Mathematically proficient students start by explaining to themselves the meaning of a problem and looking for entry points to its solution. They analyze givens, constraints, relationships, and goals. They make conjectures about the form and meaning of the solution and plan a solution pathway rather than simply jumping into a solution attempt. They consider analogous problems, and try special cases and simpler forms of the original problem in order to gain insight into its solution. They monitor and evaluate their progress and change course if necessary. Older students might, depending on the context of the problem, transform algebraic expressions or change the viewing window on their graphing calculator to get the information they need. Mathematically proficient students can explain correspondences between equations, verbal descriptions, tables, and graphs or draw diagrams of important features and relationships, graph data, and search for regularity or trends. Younger students might rely on using concrete objects or pictures to help conceptualize and solve a problem. Mathematically proficient students check their answers to problems using a different method, and they continually ask themselves, “Does this make sense?” They can understand the approaches of others to solving complex problems and identify correspondences between different approaches.

MAFS.K12.MP.3.1 (Archived Standard):

Construct viable arguments and critique the reasoning of others.

Mathematically proficient students understand and use stated assumptions, definitions, and previously established results in constructing arguments. They make conjectures and build a logical progression of statements to explore the truth of their conjectures. They are able to analyze situations by breaking them into cases, and can recognize and use counterexamples. They justify their conclusions, communicate them to others, and respond to the arguments of others. They reason inductively about data, making plausible arguments that take into account the context from which the data arose. Mathematically proficient students are also able to compare the effectiveness of two plausible arguments, distinguish correct logic or reasoning from that which is flawed, and—if there is a flaw in an argument—explain what it is. Elementary students can construct arguments using concrete referents such as objects, drawings, diagrams, and actions. Such arguments can make sense and be correct, even though they are not generalized or made formal until later grades. Later, students learn to determine domains to which an argument applies. Students at all grades can listen or read the arguments of others, decide whether they make sense, and ask useful questions to clarify or improve the arguments.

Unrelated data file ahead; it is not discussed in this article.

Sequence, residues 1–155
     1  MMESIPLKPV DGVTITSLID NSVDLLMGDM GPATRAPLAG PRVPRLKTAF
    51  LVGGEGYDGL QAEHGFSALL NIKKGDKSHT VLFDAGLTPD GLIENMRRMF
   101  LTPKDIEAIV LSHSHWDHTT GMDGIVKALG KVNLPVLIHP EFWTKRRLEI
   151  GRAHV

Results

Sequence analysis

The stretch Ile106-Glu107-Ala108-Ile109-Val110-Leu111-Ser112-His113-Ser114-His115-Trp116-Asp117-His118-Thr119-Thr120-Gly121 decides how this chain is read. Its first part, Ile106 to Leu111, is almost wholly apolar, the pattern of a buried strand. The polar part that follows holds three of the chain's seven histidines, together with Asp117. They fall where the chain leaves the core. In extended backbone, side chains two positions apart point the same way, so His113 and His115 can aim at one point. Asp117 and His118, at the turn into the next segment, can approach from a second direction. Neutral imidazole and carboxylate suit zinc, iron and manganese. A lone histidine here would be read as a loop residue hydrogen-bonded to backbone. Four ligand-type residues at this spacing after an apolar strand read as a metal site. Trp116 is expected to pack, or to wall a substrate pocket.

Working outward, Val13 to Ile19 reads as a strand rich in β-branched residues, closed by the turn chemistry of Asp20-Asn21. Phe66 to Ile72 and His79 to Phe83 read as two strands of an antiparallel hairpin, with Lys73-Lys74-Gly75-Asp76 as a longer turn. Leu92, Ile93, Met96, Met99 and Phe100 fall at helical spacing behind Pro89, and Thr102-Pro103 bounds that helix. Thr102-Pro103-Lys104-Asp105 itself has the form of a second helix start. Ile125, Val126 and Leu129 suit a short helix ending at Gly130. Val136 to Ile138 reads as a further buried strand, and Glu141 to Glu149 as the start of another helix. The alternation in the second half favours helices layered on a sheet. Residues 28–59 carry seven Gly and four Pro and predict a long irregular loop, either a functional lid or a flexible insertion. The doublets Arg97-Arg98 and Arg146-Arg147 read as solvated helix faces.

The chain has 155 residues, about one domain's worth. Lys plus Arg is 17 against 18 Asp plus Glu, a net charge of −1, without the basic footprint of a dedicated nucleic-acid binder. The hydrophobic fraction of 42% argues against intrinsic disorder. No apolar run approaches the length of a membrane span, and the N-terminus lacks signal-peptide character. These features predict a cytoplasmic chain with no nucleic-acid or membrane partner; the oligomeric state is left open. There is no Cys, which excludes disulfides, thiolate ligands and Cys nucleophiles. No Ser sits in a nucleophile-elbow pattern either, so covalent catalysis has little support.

MAFS.K12.MP.5.1 (Archived Standard): Use appropriate tools strategically.

Mathematically proficient students consider the available tools when solving a mathematical problem. These tools might include pencil and paper, concrete models, a ruler, a protractor, a calculator, a spreadsheet, a computer algebra system, a statistical package, or dynamic geometry software. Proficient students are sufficiently familiar with tools appropriate for their grade or course to make sound decisions about when each of these tools might be helpful, recognizing both the insight to be gained and their limitations. For example, mathematically proficient high school students analyze graphs of functions and solutions generated using a graphing calculator. They detect possible errors by strategically using estimation and other mathematical knowledge. When making mathematical models, they know that technology can enable them to visualize the results of varying assumptions, explore consequences, and compare predictions with data. Mathematically proficient students at various grade levels are able to identify relevant external mathematical resources, such as digital content located on a website, and use them to pose or solve problems. They are able to use technological tools to explore and deepen their understanding of concepts.
MAFS.K12.MP.6.1 (Archived Standard):

Attend to precision.

Mathematically proficient students try to communicate precisely to others. They try to use clear definitions in discussion with others and in their own reasoning. They state the meaning of the symbols they choose, including using the equal sign consistently and appropriately. They are careful about specifying units of measure, and labeling axes to clarify the correspondence with quantities in a problem. They calculate accurately and efficiently, express numerical answers with a degree of precision appropriate for the problem context. In the elementary grades, students give carefully formulated explanations to each other. By the time they reach high school they have learned to examine claims and make explicit use of definitions.

ELD.K12.ELL.SI.1: English language learners communicate for social and instructional purposes within the school setting.
ELD.K12.ELL.SS.1: English language learners communicate information, ideas and concepts necessary for academic success in the content area of Social Studies.
HE.3.C.2.4: Identify classroom and school rules that promote health and disease prevention.
Clarifications:
Following rules for walking in hallways, keeping areas clean, listening to crossing guard, and bike safety.
Related Access Points
Name Description